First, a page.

A New Pill Could Spot And Track Disease
Suffering from gastroesophageal (GE) junction cancer? A new study highlights, an expandable pill that can stay in the stomach for a month could help diagnose and monitor a myriad of gastro ills, including GE.
The pill has a Jell-O-like consistency. Once it reaches the stomach, it quickly swells to the size of a ping-pong ball and is resistant to the stomach’s roiling acidic environment, according to the Massachusetts Institute of Technology (MIT) team.
If the pufferfish-inspired pill needs to be removed, a patient can drink a solution of calcium that causes the pill to quickly shrink to its original size and pass safely out of the body, the study authors explained in an MIT news release.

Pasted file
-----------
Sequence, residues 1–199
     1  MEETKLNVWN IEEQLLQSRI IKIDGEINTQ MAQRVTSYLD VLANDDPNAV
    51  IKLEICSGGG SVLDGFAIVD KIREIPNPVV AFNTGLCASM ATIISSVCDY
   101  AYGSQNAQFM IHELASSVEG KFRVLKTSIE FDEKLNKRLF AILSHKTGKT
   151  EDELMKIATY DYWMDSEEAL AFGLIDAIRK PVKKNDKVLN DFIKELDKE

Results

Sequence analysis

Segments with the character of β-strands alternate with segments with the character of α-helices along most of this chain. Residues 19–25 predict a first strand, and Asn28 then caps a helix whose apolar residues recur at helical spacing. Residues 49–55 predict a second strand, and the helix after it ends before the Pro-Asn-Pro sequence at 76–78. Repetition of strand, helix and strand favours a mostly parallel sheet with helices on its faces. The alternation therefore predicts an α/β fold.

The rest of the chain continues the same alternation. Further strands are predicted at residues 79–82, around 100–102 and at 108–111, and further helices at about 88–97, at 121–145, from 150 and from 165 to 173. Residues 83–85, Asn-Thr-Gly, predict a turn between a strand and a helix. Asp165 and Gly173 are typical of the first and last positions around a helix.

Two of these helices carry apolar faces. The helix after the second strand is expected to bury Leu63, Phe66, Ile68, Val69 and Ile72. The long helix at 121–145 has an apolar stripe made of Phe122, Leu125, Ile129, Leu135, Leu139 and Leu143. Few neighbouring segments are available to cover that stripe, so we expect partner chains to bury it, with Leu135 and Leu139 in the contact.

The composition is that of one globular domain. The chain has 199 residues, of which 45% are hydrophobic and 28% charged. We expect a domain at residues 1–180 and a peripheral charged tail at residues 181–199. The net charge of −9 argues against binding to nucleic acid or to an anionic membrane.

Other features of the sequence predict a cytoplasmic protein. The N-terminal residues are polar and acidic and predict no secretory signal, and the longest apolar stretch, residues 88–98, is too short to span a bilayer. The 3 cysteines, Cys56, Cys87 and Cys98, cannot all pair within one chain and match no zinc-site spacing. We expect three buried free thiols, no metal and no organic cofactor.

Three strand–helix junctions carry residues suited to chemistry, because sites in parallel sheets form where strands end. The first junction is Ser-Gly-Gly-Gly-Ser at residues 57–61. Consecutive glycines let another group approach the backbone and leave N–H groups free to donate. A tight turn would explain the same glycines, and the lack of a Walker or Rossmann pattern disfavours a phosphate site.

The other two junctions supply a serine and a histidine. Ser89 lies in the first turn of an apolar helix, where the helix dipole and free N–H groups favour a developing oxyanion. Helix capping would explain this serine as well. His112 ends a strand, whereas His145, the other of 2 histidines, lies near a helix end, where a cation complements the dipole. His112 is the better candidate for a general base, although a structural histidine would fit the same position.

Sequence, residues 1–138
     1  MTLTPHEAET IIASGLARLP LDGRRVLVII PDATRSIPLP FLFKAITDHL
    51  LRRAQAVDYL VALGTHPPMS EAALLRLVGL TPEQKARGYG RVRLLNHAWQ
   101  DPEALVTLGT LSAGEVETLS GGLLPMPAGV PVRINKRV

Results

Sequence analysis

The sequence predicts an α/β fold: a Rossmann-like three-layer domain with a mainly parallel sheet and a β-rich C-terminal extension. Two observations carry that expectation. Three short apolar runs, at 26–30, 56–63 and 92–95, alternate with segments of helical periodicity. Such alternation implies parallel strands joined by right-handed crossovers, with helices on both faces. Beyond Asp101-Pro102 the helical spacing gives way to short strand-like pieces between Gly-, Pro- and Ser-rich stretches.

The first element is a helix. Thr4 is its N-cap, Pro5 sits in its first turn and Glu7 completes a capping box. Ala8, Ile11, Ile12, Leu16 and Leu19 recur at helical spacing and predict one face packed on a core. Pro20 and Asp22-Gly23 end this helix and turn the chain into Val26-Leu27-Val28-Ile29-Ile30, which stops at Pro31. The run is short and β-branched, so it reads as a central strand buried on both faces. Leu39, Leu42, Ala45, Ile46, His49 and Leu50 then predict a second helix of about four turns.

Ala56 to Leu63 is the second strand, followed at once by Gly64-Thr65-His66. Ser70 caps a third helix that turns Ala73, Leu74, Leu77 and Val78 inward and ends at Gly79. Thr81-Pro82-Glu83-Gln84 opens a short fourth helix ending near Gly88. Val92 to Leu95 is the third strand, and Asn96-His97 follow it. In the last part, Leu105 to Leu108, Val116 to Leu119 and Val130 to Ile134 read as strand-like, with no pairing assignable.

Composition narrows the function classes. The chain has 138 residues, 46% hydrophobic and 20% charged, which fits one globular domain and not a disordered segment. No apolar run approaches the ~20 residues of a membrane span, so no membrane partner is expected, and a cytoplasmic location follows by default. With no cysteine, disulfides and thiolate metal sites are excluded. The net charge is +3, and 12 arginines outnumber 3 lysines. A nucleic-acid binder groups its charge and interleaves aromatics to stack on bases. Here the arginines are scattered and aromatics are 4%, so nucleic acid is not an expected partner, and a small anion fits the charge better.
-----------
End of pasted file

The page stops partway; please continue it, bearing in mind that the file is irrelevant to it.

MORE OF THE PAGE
For the study, the researchers embedded small temperature sensors into several pills that were fed to pigs, which have stomachs and gastrointestinal tracts very similar to humans. After retrieving the sensors from the pigs’ stool, the investigators found that they accurately tracked the pigs’ daily activity patterns for up to 30 days. However, animal research does not always pan out in humans.
The pill is made from two types of hydrogels, mixtures of polymers and water, making it